6. The African Queen (1951)
In no other film is the transformative power of adventure realized with such clarity. Adapted from C. S. Forester's 1935 novel, this genre-bending picture—is it a comedy, love story, or travel epic?—follows hard-drinking steamboat captain Charlie Allnut (Humphrey Bogart) and stiff lady missionary Rose Sayer (Katharine Hepburn) on a journey through the backwaters of German East Africa, at the start of World War I.
Partnered by chance, they battle Class V whitewater, leeches, and each other in a quest to sink a German gunboat. Along the way they fall in love (natch), and Hepburn morphs into a hardened and enthusiastic river warrior. ("I never dreamed that any mere physical experience could be so stimulating!" she crows after a particularly hairy set of rapids.) More shocking still, Bogie turns into a gentleman. Under the guidance of powerhouse director John Huston, the lady-and-tramp interplay is flawless. Bogie's ability to broadcast onscreen frailty, which movie fans hadn't seen from him before, garnered the actor his only Oscar.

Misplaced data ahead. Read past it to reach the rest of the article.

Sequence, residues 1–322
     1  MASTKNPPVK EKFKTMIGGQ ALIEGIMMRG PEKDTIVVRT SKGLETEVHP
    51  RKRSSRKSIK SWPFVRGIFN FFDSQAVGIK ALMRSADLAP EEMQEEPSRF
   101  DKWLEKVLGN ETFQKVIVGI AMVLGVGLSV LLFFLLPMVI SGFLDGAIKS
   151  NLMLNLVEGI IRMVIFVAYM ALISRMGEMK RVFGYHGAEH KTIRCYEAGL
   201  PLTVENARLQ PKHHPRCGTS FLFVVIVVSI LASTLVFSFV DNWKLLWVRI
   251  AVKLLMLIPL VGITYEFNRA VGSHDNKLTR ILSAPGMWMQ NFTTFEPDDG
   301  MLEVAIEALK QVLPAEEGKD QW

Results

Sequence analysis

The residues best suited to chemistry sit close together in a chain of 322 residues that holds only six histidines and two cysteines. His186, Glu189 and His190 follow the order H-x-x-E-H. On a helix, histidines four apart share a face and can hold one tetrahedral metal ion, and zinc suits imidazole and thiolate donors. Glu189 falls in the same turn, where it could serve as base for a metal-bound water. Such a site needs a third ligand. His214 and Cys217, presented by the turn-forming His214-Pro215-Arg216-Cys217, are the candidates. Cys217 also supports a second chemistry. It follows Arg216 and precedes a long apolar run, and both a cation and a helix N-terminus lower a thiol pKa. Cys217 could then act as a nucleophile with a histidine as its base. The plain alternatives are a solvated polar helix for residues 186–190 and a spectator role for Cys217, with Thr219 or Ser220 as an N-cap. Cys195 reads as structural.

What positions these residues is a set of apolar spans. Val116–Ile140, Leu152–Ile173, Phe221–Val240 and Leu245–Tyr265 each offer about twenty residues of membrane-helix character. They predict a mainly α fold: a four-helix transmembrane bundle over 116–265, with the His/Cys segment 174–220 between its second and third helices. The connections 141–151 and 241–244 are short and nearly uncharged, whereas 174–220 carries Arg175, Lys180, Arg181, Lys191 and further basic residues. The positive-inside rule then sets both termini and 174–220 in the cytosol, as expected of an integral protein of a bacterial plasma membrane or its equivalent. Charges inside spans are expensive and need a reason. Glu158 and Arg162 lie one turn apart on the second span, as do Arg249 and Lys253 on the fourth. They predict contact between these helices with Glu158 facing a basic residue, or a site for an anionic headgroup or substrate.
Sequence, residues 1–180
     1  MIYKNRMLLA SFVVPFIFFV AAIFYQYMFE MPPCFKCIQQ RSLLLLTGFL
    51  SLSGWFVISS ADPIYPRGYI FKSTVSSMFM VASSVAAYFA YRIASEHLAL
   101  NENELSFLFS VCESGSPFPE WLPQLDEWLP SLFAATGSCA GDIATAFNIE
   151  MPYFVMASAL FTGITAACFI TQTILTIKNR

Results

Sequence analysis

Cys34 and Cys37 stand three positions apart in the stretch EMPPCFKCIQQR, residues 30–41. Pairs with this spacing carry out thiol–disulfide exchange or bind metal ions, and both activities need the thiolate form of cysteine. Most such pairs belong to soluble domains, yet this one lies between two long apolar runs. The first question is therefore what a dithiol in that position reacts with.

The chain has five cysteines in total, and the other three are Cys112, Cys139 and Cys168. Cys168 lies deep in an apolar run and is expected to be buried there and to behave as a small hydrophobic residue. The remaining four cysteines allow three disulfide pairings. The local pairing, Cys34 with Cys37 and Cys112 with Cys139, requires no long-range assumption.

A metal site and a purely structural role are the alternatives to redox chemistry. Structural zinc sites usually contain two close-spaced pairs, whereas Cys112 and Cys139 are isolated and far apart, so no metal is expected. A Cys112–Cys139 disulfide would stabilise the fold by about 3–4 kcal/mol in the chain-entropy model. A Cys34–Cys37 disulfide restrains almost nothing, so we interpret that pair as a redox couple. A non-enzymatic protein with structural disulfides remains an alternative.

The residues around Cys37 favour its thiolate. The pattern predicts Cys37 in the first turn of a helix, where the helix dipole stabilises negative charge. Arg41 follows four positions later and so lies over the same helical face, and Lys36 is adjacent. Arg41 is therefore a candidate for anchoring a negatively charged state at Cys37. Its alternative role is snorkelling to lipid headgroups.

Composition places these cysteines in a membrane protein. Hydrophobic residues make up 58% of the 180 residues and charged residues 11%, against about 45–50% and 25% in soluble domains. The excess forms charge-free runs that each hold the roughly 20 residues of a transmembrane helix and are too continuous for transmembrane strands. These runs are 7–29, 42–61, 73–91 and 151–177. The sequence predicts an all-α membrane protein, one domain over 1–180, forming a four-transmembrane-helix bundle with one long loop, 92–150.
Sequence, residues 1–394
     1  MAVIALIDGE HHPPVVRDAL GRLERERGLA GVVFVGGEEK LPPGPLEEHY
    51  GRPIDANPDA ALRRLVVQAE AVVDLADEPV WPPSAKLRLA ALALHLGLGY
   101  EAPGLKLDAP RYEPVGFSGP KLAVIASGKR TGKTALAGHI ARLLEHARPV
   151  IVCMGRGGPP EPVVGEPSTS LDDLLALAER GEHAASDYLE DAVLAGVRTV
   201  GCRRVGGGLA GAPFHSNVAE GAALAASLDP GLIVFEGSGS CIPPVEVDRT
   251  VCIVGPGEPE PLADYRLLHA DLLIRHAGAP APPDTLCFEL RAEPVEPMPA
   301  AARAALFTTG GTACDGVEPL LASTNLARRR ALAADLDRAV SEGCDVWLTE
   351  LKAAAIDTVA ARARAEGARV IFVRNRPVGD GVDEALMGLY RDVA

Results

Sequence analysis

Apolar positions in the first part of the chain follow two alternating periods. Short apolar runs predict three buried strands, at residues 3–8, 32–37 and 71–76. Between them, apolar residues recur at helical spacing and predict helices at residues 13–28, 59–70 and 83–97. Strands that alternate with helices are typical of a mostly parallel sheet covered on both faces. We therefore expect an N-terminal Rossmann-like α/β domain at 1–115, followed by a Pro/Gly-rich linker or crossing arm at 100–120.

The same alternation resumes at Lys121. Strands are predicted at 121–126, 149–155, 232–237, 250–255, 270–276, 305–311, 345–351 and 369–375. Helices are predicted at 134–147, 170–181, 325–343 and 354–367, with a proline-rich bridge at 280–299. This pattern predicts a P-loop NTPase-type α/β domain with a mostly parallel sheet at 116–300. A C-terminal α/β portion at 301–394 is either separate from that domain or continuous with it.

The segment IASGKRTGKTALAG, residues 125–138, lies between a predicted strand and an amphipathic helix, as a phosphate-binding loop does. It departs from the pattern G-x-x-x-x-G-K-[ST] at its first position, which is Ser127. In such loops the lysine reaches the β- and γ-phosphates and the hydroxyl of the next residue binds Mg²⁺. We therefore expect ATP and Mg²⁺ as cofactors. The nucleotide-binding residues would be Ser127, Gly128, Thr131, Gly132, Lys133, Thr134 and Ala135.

7. Aliens (1986)
Ridley Scott's Alien (1979) is a gothic, arty masterpiece, but James Cameron's Aliens is an even better ride. Marine private Hudson (Bill Paxton) descends through the atmosphere of planet LV-426 and articulates Cameron's ambition for the film pretty neatly, saying, "We're on an express elevator to hell." Not only did Cameron ratchet up the tempo with a parade of futuristic weapons and a relentless supply of slime-dripping, extendo-teeth space insectoids; he keenly picked up the predator-prey thread where Jaws left off. In the shark tale, a handful of humans lost their spot in the food chain. This time, our entire species has been demoted.